Symptoms do not a diagnosis make. You can be impulsive, grandiose with flighty ideas and think everything you see on TV is about you without being “crazy.” The thing about being mentally ill is not being able to attend to day-to-day life, or be part of healthy relationships.

The reverse is also true; just because you don’t hear voices, doesn’t make you a model of mental health. One of the problems with mental health diagnosis is how reassuring the process is to “so-called normal” people. The sub-text to me having a thinking disorder is that your thinking is fine. I freely admit that I have an affective disorder, and find the idea that my feelings are more than a little off-base a huge relief — but to jump from my affective disorder to the conclusion that your feelings make perfect sense is just illogical.

There are all kinds of statistics, but the bottom line is that no one among us is 100 percent crazy, and no one is 100 percent sane. The chance that you or someone you love won’t need help at some point with what we broadly call “mental illness” is 0.

You don’t need a psychiatrist or a doctor to start the process of recovery. While a full-blown psychotic break involving emergency rooms and psychiatric hospitals is one way to go, I don’t recommend it. You’d think that the humiliation involved in that route would make it easier to accept help, but you’d be wrong. All you need is the desire to have things be different. It’s amazing how readily people accept depression, or alcoholism, or anxiety as the way things have to be. It doesn’t matter if it’s a friend, family member, or professional who tells you that your life can get better; all you have to do is accept the truth as best you can, and be willing to take the next step. Whether that step leads to a therapist, or AA, or NAMI doesn’t really matter.

The good thing about recovery is that it’s progressive. Just like depression, anxiety, addiction, PTSD and all the other diseases tend to worsen over time, a good friend or therapist can progress to a good treatment program, a good job, or appropriate medication. People who get better help other people get better. Someone who manages to find recovery can, and often does, help countless others in ways no one could possibly predict.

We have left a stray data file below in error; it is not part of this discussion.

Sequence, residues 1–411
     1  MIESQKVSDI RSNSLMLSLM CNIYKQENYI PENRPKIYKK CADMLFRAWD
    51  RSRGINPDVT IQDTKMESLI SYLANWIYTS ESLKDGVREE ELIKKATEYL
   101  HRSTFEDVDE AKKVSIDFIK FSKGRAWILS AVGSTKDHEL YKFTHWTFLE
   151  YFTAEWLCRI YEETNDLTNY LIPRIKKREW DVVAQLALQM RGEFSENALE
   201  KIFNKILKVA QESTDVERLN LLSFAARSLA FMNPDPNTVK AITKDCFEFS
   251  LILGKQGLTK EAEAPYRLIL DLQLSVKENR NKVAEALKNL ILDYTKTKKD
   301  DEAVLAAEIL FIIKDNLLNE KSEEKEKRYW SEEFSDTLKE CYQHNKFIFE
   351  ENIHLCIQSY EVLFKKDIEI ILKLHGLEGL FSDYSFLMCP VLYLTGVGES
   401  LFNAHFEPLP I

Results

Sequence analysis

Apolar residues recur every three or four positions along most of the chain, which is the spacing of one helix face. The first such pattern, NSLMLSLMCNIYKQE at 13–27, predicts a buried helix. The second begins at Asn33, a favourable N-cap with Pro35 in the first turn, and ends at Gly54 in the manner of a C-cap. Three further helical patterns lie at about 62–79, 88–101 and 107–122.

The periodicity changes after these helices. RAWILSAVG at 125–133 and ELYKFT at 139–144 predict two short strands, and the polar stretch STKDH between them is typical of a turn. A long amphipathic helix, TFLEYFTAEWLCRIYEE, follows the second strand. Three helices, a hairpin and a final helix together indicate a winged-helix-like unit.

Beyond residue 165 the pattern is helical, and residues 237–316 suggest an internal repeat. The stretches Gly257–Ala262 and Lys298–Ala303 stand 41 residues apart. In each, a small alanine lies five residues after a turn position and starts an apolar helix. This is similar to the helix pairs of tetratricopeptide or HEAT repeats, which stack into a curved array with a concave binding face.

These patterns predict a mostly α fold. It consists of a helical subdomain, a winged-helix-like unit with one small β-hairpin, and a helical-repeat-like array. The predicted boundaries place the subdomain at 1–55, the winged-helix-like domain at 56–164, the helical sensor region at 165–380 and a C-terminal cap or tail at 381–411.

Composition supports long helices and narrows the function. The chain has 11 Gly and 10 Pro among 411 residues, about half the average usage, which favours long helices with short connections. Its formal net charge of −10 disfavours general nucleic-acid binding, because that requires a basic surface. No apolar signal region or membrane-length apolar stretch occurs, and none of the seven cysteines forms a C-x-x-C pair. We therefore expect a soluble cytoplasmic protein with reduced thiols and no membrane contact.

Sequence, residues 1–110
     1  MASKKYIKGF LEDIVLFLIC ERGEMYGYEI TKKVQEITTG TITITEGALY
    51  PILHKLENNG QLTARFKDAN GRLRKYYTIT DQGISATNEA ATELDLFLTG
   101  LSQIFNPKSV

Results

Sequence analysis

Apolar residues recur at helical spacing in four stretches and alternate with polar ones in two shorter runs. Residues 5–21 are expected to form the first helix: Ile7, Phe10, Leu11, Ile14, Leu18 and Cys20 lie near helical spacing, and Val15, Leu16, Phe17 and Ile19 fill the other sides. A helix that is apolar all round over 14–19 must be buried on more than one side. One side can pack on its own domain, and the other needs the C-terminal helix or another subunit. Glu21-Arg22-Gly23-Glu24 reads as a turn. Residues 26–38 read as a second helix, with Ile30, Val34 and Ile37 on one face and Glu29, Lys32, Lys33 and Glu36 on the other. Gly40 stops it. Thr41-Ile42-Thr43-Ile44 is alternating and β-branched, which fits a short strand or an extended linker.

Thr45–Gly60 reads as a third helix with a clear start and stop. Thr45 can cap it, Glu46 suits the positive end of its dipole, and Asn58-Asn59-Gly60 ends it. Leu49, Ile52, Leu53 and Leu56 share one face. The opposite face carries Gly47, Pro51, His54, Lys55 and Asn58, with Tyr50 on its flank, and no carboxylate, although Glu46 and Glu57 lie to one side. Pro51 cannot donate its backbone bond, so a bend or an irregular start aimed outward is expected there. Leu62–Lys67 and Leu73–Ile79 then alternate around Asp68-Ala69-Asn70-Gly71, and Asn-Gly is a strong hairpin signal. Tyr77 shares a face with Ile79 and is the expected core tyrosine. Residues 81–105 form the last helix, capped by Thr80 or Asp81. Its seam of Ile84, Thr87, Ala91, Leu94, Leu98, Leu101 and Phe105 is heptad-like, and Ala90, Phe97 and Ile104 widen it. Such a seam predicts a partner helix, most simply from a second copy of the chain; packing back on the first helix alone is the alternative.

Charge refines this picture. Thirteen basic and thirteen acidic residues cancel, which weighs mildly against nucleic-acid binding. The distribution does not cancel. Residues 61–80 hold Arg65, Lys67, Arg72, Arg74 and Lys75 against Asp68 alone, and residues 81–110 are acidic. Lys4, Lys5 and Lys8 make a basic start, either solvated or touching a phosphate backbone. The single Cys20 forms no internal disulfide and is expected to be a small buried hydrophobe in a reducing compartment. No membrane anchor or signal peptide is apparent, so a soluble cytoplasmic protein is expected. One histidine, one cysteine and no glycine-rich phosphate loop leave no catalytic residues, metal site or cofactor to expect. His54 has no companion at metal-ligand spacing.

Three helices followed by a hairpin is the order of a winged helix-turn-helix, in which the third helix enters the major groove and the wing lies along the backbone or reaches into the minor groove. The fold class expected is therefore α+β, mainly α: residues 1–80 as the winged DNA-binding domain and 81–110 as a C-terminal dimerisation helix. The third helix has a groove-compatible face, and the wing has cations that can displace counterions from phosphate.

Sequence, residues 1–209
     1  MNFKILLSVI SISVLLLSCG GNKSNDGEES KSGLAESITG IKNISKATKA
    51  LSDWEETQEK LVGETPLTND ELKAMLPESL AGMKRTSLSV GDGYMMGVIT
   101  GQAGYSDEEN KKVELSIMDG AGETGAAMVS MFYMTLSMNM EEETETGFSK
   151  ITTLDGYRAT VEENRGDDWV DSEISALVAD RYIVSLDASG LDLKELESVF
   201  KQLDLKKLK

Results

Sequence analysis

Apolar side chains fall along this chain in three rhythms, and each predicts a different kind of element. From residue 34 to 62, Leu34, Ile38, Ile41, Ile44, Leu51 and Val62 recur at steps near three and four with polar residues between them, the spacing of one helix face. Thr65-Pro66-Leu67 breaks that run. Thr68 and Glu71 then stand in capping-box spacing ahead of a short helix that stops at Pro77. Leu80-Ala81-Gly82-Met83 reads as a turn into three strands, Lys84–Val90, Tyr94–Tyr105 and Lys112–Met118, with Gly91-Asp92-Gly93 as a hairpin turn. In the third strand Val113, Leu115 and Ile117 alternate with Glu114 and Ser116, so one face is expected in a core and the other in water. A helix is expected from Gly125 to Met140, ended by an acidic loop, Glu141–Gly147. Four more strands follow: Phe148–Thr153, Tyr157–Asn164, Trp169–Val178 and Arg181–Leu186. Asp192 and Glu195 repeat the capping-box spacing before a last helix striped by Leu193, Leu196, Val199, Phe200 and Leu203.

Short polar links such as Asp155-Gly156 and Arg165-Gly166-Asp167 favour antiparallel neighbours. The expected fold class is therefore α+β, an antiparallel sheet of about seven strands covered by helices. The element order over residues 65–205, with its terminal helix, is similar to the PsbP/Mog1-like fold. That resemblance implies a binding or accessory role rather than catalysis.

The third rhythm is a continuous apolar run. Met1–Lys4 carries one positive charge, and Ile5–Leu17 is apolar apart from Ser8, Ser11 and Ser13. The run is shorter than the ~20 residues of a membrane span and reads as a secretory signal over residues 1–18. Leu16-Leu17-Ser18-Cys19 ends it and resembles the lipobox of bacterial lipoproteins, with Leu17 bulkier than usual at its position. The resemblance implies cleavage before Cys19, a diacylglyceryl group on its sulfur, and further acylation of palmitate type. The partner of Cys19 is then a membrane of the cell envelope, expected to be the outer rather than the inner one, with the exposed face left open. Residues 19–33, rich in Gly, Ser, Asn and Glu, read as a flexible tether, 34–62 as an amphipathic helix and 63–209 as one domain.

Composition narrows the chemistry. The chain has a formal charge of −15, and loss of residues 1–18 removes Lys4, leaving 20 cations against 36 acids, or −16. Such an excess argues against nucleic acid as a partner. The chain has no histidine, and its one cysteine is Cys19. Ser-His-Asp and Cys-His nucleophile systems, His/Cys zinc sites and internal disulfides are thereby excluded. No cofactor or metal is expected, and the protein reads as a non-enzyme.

I’m a shameless eclectic pragmatist in my work as a pediatrician. Having raised three of them myself, I’m well aware that most adolescent and pre-adolescent boys would rather drink poison than talk with a therapist, but they also don’t want things to go on the way they have been. So I mention therapy as something I can probably get them out of if they’re willing to clean up their room, do their homework, maybe eat a little better and stop swearing at their mother. Most of them think they can do this. I point out that whether things go well or not, they can always go back to swearing at their parents and slamming doors, but regardless, I want to see them again in a week or two to see how the experiment is going. Acupuncture, yoga, IEPs, social skills groups — it truly doesn’t matter.

What Thorazine did for me 45 years ago was make it possible to talk to other people in the dayroom. Had my scraggly, 127-pound, Old-Testament-prophet self told them that I was going to get out of there, make it home with a lot of help from friends and family, work my way up from landscaping to medical school, publish a couple of books and raise three sons, they would have upped my meds, put me back in seclusion, or both.

There ain’t no difference between them and us. We’re all here to help each other through this, whatever it is.

There’s almost always something positive you can do; the problem is believing in that possibility, and letting others help you figure out what it is.

Mark Vonnegut is a pediatrician.  This article originally appeared in WBUR’s CommonHealth.

Image credit: Shutterstock.com